We collected soil samples from the surrounding area, based on the assumed foraging range of O. lignaria and O. cornifrons (Figure 1). To that end, we delineated a 250-m radius around each nesting shelter, exceeding the 150-m foraging range reported for these bees (Monzón et al. 2004; Matsumoto et al. 2009; Biddinger et al. 2013). Using the USDA Soil Survey website (https://websoilsurvey.sc.egov.usda.gov/App/WebSoilSurvey.aspx), a map of surface mineral soil textures was generated. To confirm the textures reported in the map, a total of 62 soil samples (Figure 1) were taken from the various soil units shown as different soil textures in the USDA map. At each location, five subsamples were taken from the upper 10-cm layer in a 2-m radius. Subsamples from each location were mixed, resulting in approximately 500 g of soil from each location.
To obtain soil samples from the bee nests, the bamboo was collected in early June, after the nesting period. Nests were kept at outside ambient temperatures until September 2016, when bees had finished their development into adults. To confirm the species that built each nest, one cocoon per nest was opened and the bee inside was identified using the key of Arduser (2009). Two groups of soil samples were collected, each from a different set of nests. In the composite nest samples, 24 O. cornifrons and 22 O. lignaria nests were opened and all partitions present were collected. Partitions recovered from the same nest were homogenized. Of these nests, 13 O. cornifrons and four O. lignaria nests came from alternative nesting shelters placed at the research station, to increase the sample size (Figure 1). In addition to these composite nest samples, we also analyzed the textures of individual nest partitions from a separate group of nests. For this, an additional set of tubes were opened to collect partitions from eight O. cornifrons nests (totaling 67 partitions) and six O. lignaria nests (44 partitions). Each partition was kept separate and their relative order in the nests was noted. Nest caps were not sampled because they were usually lost during the process of opening the tubes.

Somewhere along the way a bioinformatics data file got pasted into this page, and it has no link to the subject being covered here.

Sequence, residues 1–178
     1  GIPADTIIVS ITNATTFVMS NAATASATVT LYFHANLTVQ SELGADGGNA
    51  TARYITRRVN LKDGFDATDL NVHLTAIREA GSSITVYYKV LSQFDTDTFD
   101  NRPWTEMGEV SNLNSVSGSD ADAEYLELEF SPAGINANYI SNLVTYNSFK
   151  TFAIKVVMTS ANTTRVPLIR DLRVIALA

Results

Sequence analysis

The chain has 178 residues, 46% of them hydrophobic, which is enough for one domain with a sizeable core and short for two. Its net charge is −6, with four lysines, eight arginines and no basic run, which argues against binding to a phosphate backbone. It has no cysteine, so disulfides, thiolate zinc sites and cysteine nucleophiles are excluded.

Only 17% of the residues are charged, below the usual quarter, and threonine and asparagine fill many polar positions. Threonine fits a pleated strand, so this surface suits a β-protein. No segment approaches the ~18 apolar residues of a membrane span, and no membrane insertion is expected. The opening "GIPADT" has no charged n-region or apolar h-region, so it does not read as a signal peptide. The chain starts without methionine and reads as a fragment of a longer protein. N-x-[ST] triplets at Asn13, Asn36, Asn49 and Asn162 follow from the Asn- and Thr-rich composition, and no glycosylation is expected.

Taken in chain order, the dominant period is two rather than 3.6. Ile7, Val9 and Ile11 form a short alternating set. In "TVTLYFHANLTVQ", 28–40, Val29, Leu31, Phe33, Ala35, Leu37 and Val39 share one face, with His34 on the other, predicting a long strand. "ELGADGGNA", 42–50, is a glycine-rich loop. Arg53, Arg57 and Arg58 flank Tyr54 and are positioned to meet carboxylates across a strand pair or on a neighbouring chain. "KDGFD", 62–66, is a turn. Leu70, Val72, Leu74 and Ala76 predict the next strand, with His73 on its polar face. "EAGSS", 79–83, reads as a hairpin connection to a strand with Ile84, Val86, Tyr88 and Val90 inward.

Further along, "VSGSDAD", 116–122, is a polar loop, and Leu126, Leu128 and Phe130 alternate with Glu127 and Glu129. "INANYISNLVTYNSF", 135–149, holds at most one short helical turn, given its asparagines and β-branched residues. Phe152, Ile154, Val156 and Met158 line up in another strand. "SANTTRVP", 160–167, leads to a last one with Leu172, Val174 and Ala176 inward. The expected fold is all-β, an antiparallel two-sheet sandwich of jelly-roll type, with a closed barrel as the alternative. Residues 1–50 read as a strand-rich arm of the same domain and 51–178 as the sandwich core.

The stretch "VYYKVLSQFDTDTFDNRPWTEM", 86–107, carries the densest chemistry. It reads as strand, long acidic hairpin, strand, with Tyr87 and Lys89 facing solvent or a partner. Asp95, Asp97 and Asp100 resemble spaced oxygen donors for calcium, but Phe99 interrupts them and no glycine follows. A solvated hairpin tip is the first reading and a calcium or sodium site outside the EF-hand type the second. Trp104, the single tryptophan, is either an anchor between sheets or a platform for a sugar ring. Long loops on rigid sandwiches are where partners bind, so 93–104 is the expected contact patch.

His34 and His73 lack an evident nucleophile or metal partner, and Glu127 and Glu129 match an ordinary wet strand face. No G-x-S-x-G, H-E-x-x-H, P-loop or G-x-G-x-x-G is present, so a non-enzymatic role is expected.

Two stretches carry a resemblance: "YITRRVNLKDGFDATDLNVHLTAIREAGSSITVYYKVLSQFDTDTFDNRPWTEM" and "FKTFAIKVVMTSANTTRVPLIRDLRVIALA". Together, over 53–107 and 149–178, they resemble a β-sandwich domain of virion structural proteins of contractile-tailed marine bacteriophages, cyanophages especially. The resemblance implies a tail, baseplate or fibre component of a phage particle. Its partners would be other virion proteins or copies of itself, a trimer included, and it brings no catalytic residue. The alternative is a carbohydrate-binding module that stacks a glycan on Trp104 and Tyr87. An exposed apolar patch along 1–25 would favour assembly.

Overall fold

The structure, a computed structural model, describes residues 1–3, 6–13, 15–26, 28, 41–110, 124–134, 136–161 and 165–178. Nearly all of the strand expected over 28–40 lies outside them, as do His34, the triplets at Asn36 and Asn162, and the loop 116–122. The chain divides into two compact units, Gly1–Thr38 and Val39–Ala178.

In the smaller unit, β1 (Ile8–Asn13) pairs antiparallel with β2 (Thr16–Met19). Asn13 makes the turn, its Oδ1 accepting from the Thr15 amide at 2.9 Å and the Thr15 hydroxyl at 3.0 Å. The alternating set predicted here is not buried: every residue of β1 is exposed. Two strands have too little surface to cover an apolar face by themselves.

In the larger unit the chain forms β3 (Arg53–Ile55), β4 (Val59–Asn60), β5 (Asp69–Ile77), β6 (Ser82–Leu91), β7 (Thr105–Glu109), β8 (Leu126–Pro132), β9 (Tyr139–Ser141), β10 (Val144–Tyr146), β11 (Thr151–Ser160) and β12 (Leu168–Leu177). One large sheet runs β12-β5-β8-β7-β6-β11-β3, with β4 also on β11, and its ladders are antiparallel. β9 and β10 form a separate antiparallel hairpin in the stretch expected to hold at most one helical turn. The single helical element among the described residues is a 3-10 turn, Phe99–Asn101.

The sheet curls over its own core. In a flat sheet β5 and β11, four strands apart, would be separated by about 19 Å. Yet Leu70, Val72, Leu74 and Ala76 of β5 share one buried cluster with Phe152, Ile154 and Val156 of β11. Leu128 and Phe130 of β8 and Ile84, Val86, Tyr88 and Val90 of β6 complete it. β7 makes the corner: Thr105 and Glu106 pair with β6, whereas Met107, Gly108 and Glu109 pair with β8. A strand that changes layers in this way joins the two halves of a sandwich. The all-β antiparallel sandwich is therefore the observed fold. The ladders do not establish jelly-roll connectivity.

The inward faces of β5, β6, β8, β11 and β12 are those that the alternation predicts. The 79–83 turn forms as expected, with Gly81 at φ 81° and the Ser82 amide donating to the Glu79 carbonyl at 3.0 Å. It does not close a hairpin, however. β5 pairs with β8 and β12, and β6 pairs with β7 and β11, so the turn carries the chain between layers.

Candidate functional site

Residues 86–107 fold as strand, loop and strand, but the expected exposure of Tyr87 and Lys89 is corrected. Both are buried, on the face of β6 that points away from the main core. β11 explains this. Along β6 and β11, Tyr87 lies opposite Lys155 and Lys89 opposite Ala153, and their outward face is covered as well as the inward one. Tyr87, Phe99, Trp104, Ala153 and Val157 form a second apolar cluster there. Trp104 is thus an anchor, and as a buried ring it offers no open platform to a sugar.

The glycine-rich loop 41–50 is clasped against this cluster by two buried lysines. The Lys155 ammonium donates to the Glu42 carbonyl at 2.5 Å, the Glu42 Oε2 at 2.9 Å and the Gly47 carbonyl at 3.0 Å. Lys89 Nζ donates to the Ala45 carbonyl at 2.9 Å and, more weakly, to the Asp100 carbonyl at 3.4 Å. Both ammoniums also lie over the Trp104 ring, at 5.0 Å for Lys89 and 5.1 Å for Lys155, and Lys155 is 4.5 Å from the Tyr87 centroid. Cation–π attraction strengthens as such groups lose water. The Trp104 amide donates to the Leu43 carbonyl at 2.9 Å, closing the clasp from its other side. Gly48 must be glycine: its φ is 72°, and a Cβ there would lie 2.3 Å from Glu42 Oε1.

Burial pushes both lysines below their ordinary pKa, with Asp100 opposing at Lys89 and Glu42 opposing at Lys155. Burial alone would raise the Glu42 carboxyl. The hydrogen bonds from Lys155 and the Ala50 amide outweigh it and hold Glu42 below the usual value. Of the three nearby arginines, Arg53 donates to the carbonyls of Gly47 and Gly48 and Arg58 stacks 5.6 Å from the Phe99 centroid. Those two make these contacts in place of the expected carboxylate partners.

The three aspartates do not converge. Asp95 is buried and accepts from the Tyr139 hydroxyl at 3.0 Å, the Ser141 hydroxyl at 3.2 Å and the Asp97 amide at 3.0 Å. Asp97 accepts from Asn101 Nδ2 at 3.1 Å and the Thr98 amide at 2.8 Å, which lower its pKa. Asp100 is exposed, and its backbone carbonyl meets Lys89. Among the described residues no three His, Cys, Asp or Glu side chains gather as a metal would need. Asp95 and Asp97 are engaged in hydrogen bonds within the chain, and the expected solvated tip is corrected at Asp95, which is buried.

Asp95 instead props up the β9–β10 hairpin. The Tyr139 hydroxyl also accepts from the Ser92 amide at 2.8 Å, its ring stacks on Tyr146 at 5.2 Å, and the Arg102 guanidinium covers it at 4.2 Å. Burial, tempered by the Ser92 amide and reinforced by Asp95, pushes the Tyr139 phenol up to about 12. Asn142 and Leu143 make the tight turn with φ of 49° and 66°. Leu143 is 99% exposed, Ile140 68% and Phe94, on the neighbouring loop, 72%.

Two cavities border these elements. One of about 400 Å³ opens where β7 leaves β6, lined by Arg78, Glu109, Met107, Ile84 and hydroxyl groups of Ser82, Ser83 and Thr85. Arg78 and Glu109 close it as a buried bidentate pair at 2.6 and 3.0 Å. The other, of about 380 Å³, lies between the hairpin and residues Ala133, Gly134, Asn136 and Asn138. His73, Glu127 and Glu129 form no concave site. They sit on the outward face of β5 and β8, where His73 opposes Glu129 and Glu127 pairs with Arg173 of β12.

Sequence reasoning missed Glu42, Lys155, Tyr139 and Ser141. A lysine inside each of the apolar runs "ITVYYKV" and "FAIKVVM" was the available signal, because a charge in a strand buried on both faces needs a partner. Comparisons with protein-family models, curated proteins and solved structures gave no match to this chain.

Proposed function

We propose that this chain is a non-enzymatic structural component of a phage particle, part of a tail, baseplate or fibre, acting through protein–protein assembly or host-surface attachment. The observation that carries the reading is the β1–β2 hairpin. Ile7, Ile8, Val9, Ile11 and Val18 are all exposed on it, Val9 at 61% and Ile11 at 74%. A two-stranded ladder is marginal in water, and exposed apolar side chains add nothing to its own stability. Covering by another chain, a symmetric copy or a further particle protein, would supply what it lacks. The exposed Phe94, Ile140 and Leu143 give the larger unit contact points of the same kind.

Soil texture analysis
Soil samples from the plots on the research station were analyzed at the Soil and Plant Nutrient Laboratory at the Department of Plant, Soil and Microbial Sciences of MSU. To prepare the samples for analysis, 100 g of soil per sample was oven dried, and then 100 ml of a 5% sodium metaphosphate (NaO3P) solution was added as a dispersant. Samples were shaken overnight, and the percentages of clay (< 2-μm particles), silt (3–50-μm particles), and sand (51–2000-μm particles) were determined using the standard hydrometer methodology (Foth 1990).
Textural analysis of the composite soil samples from nests and the individual partitions was performed using a Malvern Mastersizer 2000E laser particle size analyzer (Malvern Instruments Ltd., Worcestershire, UK). Results with this method are generally comparable to those obtained by hydrometer (Fisher et al. 2017). Each sample was gently ground and dispersed by adding 2 ml of a 5% sodium hexametaphosphate ((NaPO3)13Na2O) solution, followed by oscillation shaking for 10 min. Samples were then analyzed to determine the percentage of clay, silt, and sand. To classify samples, we used the USDA soil texture classes (USDA Soil science division staff 2017).
To further characterize the composition of the soil in the partitions, those with distinctive color patterns were photographed using a Leica S8AP0 microscope with a MC120 HD camera attachment. Images were stacked using Zerene Stacker version 1.04 to create composite images.
A generalized linear mixed model (GLMM) with beta distribution and logit link function in PROC GLIMMIX in SAS version 9.4 (SAS Institute 2016) was used to examine how the percentages of sand, silt, and clay in the composite nest and individual partition samples varied between species and among nest locations, and their interactions (fixed effects). Nest tube was included as a random effect. For the analysis of individual partitions, their position in the nest (counting from the deepest section of the nest where bees start their nest construction) and the interactions with the other factors were also included as fixed effects.
Texture of soil near nests